Former Chief Strategy and Planning Officer at Etihad Airways
Wayne has over 40 years working in the airline industry. He spent over 27 years working for Qantas Airways, Australia’s flagship carrier, where he worked his way up as a leading revenue management executive. He then led a turnaround at online travel company Gold Medal Group in the UK before joining Etihad as Chief Strategy and Planning Officer where he was responsible for pricing, capacity and fleet management for the group. In 2012, Wayne joined as CEO of Oman’s flagship carrier before moving on to advise the CEO of Thai Airways on a turnaround plan. Read moreView Profile Page
Wayne, how do you compare today’s situation, in the airline industry, to 2008?
The incredibly interesting thing about both of these is that they built up over a number of weeks. In fact, 2008 took even a bit longer. There’s this sense that something’s coming. In the beginning, we were getting assurances of, don’t worry, it will go away. That’s usually what political leaders try to tell the general population, or otherwise, we’re too worried about too many things. But really what happened in 2008 was, there was this moment when Lehman Brothers went over, back in about August. When that happened, there was an immediate, impending fear that went through the community. We all started to feel, my god, are we really looking at a total collapse of the financial system and is this the verge of the Great Depression, again? We were all very, very worried.
I remember sitting around the board table, at Etihad, thinking what are we really dealing with here? Fortunately, in that situation, we were in Abu Dhabi, which is one of the most oil-rich countries of the world, prices had spiked, we knew the government had money and we knew we’d get through it. From a personal point of view, it was a very terrifying situation, as well.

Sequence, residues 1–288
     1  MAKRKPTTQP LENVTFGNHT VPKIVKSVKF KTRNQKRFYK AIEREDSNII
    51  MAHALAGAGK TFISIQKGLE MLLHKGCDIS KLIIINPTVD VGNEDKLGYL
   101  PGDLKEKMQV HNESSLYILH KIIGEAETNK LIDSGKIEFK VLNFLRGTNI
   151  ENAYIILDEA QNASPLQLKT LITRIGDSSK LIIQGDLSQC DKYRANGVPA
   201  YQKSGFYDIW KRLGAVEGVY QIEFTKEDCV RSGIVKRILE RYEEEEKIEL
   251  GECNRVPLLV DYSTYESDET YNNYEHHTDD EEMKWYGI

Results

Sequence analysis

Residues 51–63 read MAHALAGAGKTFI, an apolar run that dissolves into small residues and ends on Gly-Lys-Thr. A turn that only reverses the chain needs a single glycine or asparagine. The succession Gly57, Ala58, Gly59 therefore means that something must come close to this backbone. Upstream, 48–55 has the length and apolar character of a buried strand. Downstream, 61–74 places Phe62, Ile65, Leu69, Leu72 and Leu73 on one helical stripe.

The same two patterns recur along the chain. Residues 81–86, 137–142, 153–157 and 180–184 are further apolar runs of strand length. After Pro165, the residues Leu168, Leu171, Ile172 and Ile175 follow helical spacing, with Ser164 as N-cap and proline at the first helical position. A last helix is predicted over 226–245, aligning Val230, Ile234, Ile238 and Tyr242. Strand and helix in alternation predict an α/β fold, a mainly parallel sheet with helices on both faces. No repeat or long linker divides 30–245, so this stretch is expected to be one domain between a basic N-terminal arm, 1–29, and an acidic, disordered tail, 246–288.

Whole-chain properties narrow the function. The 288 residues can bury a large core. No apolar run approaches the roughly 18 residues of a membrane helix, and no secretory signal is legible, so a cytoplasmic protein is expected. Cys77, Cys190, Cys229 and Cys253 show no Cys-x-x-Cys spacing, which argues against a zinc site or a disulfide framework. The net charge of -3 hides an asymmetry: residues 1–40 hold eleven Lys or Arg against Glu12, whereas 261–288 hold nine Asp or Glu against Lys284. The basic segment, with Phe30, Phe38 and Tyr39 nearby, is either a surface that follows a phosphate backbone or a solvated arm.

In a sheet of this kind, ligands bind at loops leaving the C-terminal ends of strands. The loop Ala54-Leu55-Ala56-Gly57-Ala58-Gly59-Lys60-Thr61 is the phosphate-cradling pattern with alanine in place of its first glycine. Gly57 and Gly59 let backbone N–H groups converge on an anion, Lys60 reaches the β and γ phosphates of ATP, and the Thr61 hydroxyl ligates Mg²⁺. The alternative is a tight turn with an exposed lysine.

We also had a tremendous amount of aircraft on order. As the chief of strategy and planning, where I looked after fleet, network revenue management and a lot of the issues that involved, my concern was, what am I going to do now? You immediately go from the big issue to, how do I make the business work and minimize the damage and, actually, try to look for some opportunity.
Just looking at demand, can you give me a sense of how executives were looking at demand and the evolution of consumer behavior and demand, in the boardroom, in 2008/2009?
What you’re really dealing with there is one of the most important things of all and that’s staying on top of your data. Companies that are really good at being data intensive, analytical quickly, and not getting immersed in the data – the old question about paralysis by analysis – but instead, understanding it, working out where you are and doing something, is super critical. Companies that immediately go to the data, get a conclusion and work their way through it. People who don’t look at data and just sit around, get into terrible trouble, very quickly. Once you get into trouble, it takes a lot longer to get out of it than you think.
How did you look at demand, coming out of 2008/2009 and how would you compare that to the situation today, for both business and leisure travel?
Then, it was better, because it didn’t stop. Now, it’s stopped and hardly anybody operates anything at all. It’s just completely finished and you’ve got virtually nothing operating. Back in 2008, we could see demand collapsing and there were certain routes that held up better than others. The trick was to – when you run a network airline, with a big hub and spoke – look at what is the traffic that is surviving and you move the capacity to it and really focus on it. The place where capacity is failing, you take it away from it.